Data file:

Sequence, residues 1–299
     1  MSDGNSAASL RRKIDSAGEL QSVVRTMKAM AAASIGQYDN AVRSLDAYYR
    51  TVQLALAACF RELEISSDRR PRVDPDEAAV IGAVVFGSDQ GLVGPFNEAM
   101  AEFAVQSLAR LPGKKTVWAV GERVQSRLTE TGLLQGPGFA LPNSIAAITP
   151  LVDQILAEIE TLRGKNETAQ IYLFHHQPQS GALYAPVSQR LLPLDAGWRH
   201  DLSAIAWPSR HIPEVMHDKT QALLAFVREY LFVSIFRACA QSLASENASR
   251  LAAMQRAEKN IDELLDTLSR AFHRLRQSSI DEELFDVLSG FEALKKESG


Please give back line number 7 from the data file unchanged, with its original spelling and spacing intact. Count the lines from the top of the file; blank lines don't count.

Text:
   251  LAAMQRAEKN IDELLDTLSR AFHRLRQSSI DEELFDVLSG FEALKKESG